‘Decisions that were definitely made by blokes’ Number 127: In Australia, breastfeeding aids are taxed as “luxury items”.
We’ll give you a moment while you snort-laugh.
Yes, while the Federal Government finally agreed to axe the tax on tampons and other sanitary items this month, products like breast pumps, nipple shields and supplemental nursing systems remain subject to the GST.
Courtesy of the folks on Capitol Hill, these continue to be listed by the ATO as “luxury or non-essential” items.
Try telling that to the mother with feeding difficulties, bleeding nipples or mastitis; to the mother who chooses or needs to return to work within weeks of giving birth; or to the mother who, for whatever reason, can’t be with her child.
Mmm, suctioning milk out of your own body… So luxurious.
For context, here are some items that are exempt:
Lubricant. The intimate kind.
Even infant formula.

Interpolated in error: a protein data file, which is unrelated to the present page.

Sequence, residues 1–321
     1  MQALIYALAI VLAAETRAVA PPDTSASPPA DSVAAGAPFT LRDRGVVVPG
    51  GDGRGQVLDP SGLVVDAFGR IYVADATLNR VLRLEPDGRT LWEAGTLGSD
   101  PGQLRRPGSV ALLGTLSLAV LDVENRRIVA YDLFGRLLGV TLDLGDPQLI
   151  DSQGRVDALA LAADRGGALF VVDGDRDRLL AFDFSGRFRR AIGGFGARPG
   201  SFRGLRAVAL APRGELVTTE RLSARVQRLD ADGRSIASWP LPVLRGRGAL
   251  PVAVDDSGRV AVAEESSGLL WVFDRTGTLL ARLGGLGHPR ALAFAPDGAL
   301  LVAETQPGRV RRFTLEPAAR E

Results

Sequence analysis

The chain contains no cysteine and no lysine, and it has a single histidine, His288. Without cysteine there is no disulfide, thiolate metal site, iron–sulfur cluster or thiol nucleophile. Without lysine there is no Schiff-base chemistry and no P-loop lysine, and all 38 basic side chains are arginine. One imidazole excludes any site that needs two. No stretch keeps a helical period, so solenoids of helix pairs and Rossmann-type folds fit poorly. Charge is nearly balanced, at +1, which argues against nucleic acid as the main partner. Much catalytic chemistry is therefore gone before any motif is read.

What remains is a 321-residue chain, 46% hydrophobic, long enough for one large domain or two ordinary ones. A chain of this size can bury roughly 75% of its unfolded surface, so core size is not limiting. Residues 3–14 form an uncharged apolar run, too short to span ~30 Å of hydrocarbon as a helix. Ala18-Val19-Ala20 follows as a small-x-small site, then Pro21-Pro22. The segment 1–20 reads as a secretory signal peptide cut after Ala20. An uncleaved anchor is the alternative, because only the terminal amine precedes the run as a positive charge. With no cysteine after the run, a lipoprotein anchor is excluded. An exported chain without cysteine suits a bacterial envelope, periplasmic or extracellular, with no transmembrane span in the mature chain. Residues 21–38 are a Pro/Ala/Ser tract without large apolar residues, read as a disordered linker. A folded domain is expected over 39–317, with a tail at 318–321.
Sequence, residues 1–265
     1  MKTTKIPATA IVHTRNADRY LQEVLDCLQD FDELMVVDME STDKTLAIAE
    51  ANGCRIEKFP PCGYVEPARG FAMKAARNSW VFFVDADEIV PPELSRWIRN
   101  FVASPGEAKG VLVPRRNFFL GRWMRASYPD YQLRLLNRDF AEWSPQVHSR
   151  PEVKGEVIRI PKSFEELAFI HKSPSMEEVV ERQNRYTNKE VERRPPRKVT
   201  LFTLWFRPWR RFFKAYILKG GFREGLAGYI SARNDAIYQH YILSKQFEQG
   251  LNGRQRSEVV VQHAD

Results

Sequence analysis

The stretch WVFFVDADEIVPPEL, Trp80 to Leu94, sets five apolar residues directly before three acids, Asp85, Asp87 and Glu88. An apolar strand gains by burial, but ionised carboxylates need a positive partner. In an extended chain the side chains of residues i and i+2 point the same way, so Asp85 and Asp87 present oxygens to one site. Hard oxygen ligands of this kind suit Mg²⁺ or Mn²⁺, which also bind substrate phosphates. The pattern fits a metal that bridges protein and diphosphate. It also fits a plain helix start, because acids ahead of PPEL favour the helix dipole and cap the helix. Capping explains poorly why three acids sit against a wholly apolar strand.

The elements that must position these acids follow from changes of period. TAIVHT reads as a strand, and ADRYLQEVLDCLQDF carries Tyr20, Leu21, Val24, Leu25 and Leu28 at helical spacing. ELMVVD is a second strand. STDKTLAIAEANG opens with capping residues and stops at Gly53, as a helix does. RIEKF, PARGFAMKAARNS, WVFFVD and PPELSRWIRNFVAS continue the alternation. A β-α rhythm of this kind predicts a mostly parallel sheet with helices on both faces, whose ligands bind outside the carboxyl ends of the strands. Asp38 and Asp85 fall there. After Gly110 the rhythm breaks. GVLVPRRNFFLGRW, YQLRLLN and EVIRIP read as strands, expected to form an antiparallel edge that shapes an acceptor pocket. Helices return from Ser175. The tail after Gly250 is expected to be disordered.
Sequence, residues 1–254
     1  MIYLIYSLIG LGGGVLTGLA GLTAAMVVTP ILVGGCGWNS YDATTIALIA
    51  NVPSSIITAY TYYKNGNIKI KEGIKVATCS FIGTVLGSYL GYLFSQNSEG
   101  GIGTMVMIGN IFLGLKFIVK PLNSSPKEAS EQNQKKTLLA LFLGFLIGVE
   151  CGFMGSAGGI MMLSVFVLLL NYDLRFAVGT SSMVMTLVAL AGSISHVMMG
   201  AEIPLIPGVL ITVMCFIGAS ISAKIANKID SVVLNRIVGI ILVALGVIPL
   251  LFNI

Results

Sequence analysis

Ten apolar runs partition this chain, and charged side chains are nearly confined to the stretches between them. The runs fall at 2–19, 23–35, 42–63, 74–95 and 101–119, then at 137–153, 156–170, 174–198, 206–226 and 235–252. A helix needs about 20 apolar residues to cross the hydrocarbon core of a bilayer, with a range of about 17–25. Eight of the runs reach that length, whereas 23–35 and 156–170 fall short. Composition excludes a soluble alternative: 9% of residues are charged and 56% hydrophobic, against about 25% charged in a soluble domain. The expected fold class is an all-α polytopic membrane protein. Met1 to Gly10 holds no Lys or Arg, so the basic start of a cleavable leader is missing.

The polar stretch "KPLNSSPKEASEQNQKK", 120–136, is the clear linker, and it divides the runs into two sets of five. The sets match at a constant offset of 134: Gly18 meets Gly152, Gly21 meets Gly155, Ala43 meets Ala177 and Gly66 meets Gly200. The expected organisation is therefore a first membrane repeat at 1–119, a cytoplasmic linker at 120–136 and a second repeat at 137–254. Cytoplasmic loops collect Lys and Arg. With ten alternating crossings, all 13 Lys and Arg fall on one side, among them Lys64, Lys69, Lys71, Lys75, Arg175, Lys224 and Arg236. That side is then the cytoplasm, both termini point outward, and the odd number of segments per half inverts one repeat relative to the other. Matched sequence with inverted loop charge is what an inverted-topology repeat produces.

As ABC notes, the latter avoids GST because it’s listed under the “basic food” category.
Yet encouraging/facilitating the most basic food there is – breast milk – sorry ladies, but that’s gon’ cost ya.
Holly Wainwright and Christie Hayes are joined by a gaggle of specialists to deep dive on the battle of the boob…
The whole thing is even more bizarre when you consider that the federal Department of Health’s own policy on infant feeding recommends “exclusive breastfeeding of infants to around six months of age”.
Currently only 15 per cent of Australian children meet that guideline, yet in an effort to improve that statistic the Government claims to be “committed to protecting, promoting, supporting and monitoring breastfeeding”.
Just not if it means sacrificing that little levy, which, according to Australian National University Associate Professor Julie Smith, brings in an estimated revenue of just $2 million.
In a pre-budget submission to the Government, Dr Smith suggested that the GST from breastfeeding aids be removed and applied instead to tinned baby food, toddler formula and other “growing up milks”, which could recoup more than $48 million per year. Money that could be spent on lactation support for new mothers, or extending paid parental leave period; two things known to improve breastfeeding rates.
A reasonable amount of maternity leave? Now that’s what we’d call a luxury.